Tuesday, 5 July 2011

Regarding that new statue...

I hand over to Rothbard to offer the libertarian critique of Reagan:

The presidency of Ronald Wilson Reagan has been a disaster for libertarianism in the United States, and might yet prove to be catastrophic for the human race. Reagan came to power in 1981 as the chief political spokesman for the Conservative Movement, a movement which took its essential modern form in 1955, with the founding of National Review. Reagan has been the main conservative politician since "The Speech," delivered over nationwide TV during the 1964 Goldwater campaign, established him as the "Great Communicator" of the right wing.

The Conservative Movement of modern times has had three basic, and mutually contradictory, tenets: (1) "Getting Big Government Off Our Backs" by rolling back statism and establishing a free market economy; (2) crushing civil liberties whenever crime, "national security," or "morality" are threatened, i.e. whenever civil liberties become important; and (3) seeking an all-out political and military confrontation with "atheistic world Communism," in particular its satanic headquarters in the Kremlin, up to and including a nuclear showdown.

It is starkly evident that (2) and (3) are, at the very least, inconsistent with (1). For one thing, how does one "Get Big Government Off Our Economic Backs," while at the same time spreading "Big Government" into our bedrooms, and into our private letters and phone calls? How does one secure the right to free trade and free enterprise while outlawing pornography and all commerce with the Soviet bloc? And how does one preserve the right to personal life and property while engaging in the mass murder of civilians required by modern warfare? Whenever the Conservative Movement has become aware of such inconsistencies (e.g. over free trade with sinners, or foreign aid for our "allies," or ever-greater military budgets), it has opted unhesitatingly for (2) and (3) over (1). For conservatives, the State as Theocrat and Moral Enforcer and the State as Mass Murderer have always taken precedence over the feeble goals of freedom and free markets.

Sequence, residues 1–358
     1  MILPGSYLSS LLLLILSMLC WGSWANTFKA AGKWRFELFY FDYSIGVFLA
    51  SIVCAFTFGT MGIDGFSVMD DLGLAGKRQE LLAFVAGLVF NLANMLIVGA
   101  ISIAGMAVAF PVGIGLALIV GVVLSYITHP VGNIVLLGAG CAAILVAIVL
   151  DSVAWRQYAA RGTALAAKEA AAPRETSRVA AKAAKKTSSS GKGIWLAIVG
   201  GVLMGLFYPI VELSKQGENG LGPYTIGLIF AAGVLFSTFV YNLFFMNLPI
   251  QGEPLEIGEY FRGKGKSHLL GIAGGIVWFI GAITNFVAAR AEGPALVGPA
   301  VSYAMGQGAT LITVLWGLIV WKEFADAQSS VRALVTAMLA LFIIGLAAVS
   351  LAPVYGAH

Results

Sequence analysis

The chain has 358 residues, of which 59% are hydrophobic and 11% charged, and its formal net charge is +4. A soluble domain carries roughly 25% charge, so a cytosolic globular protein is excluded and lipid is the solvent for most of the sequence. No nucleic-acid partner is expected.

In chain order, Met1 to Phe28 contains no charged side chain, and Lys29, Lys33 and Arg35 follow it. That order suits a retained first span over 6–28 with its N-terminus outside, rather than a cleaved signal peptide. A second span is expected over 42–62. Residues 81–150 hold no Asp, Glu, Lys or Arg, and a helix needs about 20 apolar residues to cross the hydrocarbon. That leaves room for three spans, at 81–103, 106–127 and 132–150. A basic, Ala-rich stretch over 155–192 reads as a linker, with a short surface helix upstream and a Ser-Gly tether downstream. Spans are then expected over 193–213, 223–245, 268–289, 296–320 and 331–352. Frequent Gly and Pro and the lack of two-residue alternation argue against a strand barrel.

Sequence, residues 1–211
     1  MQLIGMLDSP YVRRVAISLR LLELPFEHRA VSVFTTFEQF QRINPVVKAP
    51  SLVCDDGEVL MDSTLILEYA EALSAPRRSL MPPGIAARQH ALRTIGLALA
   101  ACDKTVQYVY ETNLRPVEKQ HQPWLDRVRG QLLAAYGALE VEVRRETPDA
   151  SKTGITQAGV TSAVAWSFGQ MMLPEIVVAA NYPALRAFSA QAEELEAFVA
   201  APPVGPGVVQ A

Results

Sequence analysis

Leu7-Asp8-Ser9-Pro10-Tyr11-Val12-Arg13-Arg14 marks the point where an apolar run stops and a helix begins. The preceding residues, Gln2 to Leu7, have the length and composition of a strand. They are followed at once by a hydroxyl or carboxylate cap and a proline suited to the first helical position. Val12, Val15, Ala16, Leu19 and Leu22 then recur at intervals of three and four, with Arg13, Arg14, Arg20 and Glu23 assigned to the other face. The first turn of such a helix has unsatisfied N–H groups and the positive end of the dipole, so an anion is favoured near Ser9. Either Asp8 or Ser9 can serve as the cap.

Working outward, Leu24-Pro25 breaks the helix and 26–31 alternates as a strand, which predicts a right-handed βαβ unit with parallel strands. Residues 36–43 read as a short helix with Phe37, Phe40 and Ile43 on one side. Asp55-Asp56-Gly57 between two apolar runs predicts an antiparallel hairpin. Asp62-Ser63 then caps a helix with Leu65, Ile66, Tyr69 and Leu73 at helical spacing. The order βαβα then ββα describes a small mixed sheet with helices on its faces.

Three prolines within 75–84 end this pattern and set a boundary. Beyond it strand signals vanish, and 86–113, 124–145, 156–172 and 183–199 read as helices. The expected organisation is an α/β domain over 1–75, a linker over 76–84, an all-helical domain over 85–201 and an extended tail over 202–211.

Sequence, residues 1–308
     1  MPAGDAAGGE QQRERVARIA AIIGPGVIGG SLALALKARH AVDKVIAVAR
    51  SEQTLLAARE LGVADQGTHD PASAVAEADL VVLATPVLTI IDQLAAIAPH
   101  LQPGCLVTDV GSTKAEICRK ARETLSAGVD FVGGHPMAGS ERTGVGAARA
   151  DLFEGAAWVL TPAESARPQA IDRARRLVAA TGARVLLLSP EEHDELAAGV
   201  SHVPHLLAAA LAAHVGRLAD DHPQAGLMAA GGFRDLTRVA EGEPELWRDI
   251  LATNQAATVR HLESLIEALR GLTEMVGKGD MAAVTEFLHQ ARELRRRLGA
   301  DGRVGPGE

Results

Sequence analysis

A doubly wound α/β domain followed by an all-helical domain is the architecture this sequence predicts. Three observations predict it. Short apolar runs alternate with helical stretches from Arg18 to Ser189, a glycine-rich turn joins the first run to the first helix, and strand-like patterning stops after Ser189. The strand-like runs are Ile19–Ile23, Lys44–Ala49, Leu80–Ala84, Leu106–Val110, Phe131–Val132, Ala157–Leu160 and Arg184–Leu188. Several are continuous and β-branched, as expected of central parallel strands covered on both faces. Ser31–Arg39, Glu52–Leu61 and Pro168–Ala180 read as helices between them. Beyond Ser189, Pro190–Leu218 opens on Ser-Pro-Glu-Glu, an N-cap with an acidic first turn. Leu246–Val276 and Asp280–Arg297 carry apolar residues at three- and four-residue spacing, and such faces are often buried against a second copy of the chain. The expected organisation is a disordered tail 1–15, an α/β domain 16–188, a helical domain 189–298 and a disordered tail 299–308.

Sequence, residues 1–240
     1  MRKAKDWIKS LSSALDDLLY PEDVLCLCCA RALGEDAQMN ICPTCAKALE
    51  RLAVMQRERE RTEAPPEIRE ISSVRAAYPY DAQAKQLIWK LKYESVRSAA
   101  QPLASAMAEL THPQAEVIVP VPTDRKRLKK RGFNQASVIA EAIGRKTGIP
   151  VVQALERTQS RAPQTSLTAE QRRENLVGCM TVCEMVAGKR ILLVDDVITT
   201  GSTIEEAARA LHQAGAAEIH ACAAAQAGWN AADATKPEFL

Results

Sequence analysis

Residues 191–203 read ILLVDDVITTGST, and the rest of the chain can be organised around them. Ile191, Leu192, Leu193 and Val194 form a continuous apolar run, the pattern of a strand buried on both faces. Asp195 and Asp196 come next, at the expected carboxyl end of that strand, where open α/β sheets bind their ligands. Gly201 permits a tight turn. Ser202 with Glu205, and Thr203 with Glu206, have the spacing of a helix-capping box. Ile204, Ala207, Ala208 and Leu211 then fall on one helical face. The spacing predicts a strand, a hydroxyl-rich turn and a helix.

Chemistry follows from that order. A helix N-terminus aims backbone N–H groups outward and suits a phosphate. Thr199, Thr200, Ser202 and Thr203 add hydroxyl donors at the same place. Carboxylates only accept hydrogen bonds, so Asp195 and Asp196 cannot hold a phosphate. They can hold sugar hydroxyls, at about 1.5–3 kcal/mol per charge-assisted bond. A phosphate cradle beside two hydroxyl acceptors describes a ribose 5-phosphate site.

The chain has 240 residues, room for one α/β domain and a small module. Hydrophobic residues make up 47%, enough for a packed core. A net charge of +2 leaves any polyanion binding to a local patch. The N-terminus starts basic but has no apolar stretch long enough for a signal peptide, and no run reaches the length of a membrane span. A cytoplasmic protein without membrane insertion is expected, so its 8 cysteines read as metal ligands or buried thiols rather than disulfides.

Read the whole article at Lew Rockwell's


Angry Exile said...

Reagan always struck me as being undeserving of his almost idol status among some libertarians. Oh, there were a few good quotes, especially that line about being from the government and here to help being the scariest sentence in the English language, but by and large he just talked the talk without walking the walk. Still, credit where it's due, he was at least a less illiberal president than either the current or the last one.

Trooper Thompson said...

I can agree with that. The quote you mention is displayed prominently on this blog, as you may well have noticed.

It is necessary to separate the man, the rhetoric and the record. It is also important to see the continuity of agenda throughout the modern era, no matter what the President was saying.

Trooper Thompson said...

Mark Wadsworth reminds me of this other classic quote:

“Government’s view of the economy can be summed up in a few short phrases: If it moves, tax it. If it keeps moving, regulate it. And if it stops moving, subsidise it.”

Again, if only he had been able or willing to practice what he preached.

Angry Exile said...

I've got the first quote on mine somewhere too and I think I might add the second one. But yes, if only he'd lived up to it more. Quite a lot more.